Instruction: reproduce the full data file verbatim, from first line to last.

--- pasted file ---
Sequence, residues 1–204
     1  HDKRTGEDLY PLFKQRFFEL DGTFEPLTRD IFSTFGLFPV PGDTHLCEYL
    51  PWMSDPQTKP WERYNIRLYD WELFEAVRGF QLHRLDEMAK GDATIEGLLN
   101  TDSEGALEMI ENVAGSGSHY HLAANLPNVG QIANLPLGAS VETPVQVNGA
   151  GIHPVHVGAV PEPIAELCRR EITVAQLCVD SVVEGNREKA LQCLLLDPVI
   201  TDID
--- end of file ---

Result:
Sequence, residues 1–204
     1  HDKRTGEDLY PLFKQRFFEL DGTFEPLTRD IFSTFGLFPV PGDTHLCEYL
    51  PWMSDPQTKP WERYNIRLYD WELFEAVRGF QLHRLDEMAK GDATIEGLLN
   101  TDSEGALEMI ENVAGSGSHY HLAANLPNVG QIANLPLGAS VETPVQVNGA
   151  GIHPVHVGAV PEPIAELCRR EITVAQLCVD SVVEGNREKA LQCLLLDPVI
   201  TDID